Event Makes Learning Fun
BRAWLEY — Lecturer and author Sharron Krull had an audience of dozens of early childhood educators dancing and singing to songs and activities she has implemented in her teaching curriculum for more than 40 years. Krull motivated the crowd as she presented her ideas and experiences through activities geared toward making learning fun for children, with the goal of developing essential skills to help them reach their full potential. She was the keynote speaker at Saturday’s 14th annual Imperial County Early Childhood Education Conference at Brawley Union High School.
Many early childhood educators attended the conference, from those in state-funded programs to employees of the Imperial County Child Development Center.
Imperial Valley College students in the process of getting their associate’s degrees in early childhood education also had an opportunity to earn a half unit credit for attending the conference. This event was put on by the Imperial County Child Development Center Training Consortia.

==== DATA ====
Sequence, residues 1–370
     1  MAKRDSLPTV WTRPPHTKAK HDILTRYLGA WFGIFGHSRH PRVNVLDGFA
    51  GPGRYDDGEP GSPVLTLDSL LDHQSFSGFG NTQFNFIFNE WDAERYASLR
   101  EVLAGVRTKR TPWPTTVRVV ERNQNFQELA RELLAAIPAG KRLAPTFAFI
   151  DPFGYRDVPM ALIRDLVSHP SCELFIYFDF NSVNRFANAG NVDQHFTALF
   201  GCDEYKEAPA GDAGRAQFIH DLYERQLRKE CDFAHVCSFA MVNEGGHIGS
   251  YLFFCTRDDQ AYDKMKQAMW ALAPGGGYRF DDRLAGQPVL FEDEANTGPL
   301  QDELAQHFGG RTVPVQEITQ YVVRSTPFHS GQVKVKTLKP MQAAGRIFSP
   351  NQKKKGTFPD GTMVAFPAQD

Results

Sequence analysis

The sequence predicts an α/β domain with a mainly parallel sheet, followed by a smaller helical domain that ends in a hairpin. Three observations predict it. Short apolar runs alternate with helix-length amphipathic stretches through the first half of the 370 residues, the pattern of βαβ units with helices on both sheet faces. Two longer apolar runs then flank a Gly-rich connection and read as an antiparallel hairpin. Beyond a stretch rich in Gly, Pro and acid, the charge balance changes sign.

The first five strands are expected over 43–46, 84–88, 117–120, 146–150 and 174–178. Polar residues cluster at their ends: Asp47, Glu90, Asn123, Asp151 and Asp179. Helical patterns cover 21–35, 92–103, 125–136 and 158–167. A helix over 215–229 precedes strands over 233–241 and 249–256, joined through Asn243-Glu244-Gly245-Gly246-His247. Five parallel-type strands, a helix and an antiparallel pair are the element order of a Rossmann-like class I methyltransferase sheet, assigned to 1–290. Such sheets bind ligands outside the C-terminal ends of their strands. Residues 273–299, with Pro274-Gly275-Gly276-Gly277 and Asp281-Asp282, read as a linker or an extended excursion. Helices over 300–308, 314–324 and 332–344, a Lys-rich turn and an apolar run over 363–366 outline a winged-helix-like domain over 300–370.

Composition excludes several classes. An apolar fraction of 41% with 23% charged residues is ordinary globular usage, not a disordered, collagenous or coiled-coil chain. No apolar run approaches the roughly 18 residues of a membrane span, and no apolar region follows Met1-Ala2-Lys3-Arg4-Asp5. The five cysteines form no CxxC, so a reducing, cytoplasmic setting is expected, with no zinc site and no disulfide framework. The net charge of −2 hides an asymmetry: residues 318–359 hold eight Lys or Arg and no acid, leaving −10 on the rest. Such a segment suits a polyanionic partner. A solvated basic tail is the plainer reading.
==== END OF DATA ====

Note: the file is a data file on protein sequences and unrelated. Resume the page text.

“It’s all about bringing state and national presenters to our Valley to motivate and inform our early educators, by giving them skills and ideas to promote excellence, which the kids from our communities can benefit from,” said Heather Vessey-Garcia of the Imperial County Office of Education’s Early Child Care and Education Programs.
PHOTO COURTESY OF ENRIQUE BROWN
Krull shows how to make an art figure that helps children develop math skils.
Vessey-Garcia, along with co-worker Lori Riggs, helped coordinate the conference consortia with the support of local sponsors and vendors.
“We’ve forgotten how to have fun in the classroom and are sometimes pressured in trying to make ourselves look like a K-12 class,” Riggs said.
The conference consisted of eight workshops broken into two sessions, allowing attendees the opportunity to choose any two workshops where they could learn new skills and ideas.
The workshops included math and science, digital storytelling, art, preschool learning foundations in social-emotional development, outdoor play experiences for young children, staff motivation and self-esteem, the challenge of behaviors: prevention vs. intervention, and a course in Spanish.
“I learned a lot of art activities which can actually help children with pre-writing skills that I had no idea of,” said Evelyn Cardenas, an IVC student majoring in early childhood development.
The day ended with some attendees leaving with raffle prizes from vendors and sponsors, but most important, they left with new ideas and activities to share with preschool children in the Imperial Valley.